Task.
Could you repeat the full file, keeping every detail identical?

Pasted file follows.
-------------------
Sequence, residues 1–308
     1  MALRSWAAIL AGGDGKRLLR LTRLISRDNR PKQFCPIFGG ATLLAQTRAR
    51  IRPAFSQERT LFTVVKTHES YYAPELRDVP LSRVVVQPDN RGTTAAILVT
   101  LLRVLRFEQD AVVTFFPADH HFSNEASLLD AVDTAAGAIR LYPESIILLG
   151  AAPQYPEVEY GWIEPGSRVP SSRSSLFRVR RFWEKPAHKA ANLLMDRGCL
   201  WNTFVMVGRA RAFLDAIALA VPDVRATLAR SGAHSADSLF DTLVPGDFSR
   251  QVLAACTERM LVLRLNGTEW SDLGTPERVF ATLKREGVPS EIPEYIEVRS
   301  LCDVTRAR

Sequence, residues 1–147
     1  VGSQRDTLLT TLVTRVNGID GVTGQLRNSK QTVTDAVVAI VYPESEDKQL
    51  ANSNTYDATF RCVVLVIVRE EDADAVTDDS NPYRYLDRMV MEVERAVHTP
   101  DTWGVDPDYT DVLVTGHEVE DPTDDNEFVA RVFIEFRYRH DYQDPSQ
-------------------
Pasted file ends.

Sequence, residues 1–308
     1  MALRSWAAIL AGGDGKRLLR LTRLISRDNR PKQFCPIFGG ATLLAQTRAR
    51  IRPAFSQERT LFTVVKTHES YYAPELRDVP LSRVVVQPDN RGTTAAILVT
   101  LLRVLRFEQD AVVTFFPADH HFSNEASLLD AVDTAAGAIR LYPESIILLG
   151  AAPQYPEVEY GWIEPGSRVP SSRSSLFRVR RFWEKPAHKA ANLLMDRGCL
   201  WNTFVMVGRA RAFLDAIALA VPDVRATLAR SGAHSADSLF DTLVPGDFSR
   251  QVLAACTERM LVLRLNGTEW SDLGTPERVF ATLKREGVPS EIPEYIEVRS
   301  LCDVTRAR

Sequence, residues 1–147
     1  VGSQRDTLLT TLVTRVNGID GVTGQLRNSK QTVTDAVVAI VYPESEDKQL
    51  ANSNTYDATF RCVVLVIVRE EDADAVTDDS NPYRYLDRMV MEVERAVHTP
   101  DTWGVDPDYT DVLVTGHEVE DPTDDNEFVA RVFIEFRYRH DYQDPSQ